What is Genre?

A photo of Spotify's genre playlist interface.

Rick Wysocki

June 21, 2022

A concept that has been popping up in recent posts is genre. It’s not surprising, as genre is central not only to film–one of my main interests–but to rhetoric and writing studies, my academic field. But what is genre?

Like most concepts that are obvious and apparent to the general public, genre has been complexified by academics in ways both productive and unproductive. Readers of other posts have likely noticed my skepticism toward academic discourse. But this skepticism has less to do with the common criticisms of overly-fancified writing and more to do with the circulation (or lack thereof) of said writing. I am, as it is sometimes pejoratively called in the academy, a “theory bro,” but only because I think theory has something to offer, not because I think it’s the way toward a rewarding academic career. To offer something, though, ideas need to circulate.

So, this post will take a “beginner’s mind” approach to the concept of genre. I’ll start with an idea that seems simple and discuss its value in understanding texts, art, and cultural production.

My overall point: Genre is a method of classification.

We all have a sense of what classifications are. It’s a nice word for sorting stuff. When we look at our books and weigh whether to sort them by author, by title, or by color, we’re considering classifications. When we listen to RapCaviar on Spotify, we assume that the songs all fit our classification scheme for rap. When we think about what movie we want to go see in the theaters, classifications like “horror,” “action,” and “romance” help us make decisions about which film to choose.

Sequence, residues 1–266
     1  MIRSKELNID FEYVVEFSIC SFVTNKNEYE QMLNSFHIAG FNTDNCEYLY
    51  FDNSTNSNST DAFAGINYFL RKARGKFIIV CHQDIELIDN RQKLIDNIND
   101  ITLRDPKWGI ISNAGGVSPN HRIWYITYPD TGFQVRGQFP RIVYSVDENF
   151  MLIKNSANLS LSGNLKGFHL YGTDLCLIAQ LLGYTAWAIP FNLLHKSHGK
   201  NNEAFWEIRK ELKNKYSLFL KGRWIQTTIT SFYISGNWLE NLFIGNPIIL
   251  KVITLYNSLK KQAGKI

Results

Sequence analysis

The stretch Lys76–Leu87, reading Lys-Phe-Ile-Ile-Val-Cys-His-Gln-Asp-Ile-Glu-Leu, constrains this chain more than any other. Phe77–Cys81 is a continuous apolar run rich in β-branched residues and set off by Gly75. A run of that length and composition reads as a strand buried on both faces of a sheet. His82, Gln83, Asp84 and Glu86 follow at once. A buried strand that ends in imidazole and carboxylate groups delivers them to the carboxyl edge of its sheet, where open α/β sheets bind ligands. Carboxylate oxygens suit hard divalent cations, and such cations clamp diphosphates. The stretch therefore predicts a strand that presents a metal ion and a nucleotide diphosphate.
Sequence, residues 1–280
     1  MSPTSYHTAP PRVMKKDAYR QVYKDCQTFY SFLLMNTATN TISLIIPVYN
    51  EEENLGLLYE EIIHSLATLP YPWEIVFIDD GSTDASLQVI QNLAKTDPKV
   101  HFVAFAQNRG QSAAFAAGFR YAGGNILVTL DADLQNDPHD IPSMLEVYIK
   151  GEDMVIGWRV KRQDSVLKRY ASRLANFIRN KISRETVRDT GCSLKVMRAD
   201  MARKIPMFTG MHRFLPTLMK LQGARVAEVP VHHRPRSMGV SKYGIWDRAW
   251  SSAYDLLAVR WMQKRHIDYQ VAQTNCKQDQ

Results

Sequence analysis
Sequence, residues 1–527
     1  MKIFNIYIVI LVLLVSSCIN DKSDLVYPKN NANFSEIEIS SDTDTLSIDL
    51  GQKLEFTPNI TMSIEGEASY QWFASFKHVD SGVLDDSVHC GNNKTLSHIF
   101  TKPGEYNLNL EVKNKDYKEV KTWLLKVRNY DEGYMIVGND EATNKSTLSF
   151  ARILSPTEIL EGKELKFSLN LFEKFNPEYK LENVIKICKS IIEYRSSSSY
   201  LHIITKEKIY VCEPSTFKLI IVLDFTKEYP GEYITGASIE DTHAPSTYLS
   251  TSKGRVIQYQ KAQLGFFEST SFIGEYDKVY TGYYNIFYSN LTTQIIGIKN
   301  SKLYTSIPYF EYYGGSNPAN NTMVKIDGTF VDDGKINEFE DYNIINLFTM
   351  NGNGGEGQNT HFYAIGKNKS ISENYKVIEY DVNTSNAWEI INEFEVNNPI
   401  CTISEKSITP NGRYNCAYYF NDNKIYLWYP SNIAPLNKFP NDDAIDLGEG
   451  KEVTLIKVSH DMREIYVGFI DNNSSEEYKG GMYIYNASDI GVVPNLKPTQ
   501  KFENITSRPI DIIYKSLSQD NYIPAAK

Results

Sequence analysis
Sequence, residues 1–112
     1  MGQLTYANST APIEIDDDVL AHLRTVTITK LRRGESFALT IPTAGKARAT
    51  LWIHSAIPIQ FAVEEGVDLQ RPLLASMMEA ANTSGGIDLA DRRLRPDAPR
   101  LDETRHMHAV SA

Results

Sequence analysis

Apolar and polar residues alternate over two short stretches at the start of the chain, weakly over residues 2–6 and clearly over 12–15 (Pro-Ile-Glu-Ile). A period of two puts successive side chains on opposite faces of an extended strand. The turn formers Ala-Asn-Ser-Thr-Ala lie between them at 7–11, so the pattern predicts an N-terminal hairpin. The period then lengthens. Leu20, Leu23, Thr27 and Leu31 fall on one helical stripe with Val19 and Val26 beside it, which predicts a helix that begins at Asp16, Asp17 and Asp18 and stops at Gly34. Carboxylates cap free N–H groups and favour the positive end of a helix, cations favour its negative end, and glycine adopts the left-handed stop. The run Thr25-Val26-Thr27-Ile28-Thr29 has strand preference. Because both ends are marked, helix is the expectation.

Often, we take classifications at face value. It would be somewhat taxing, every time we put on a movie, to first go and research all of the different decisions that went into classifying it. Yet, this work is a necessary part of classifying. As Geoffrey C. Bowker and Susan Leigh Star pointed out, classifications are invisible until people start arguing about them (Bowker and Star 2).

It’s easier to simply accept that we know what Hip-Hop is until Drake puts out Honestly, Nevermind and everyone notices that it’s a House album. But it’s on RapCaviar. And it’s a central focus of Hip-Hop media. If you look online, there are a lot of arguments not only about whether the album is good, but what it is. The classification, the genre, has become contentious.

But genres aren’t exactly the same as classifications. They’re different words, after all. Honestly, though, I find it difficult to sort out the two terms. In popular use, genres are clearly used to parse classifications of art. Musical genres, film genres, and literary genres seem like the most familiar employments of the term–maybe in that order.

But, as always, scholars have made the term more complex. And, as always, this has positives and negatives. In rhetoric and writing studies, a broad overview would reveal genres as ways to classify different types of communication–both oral and written.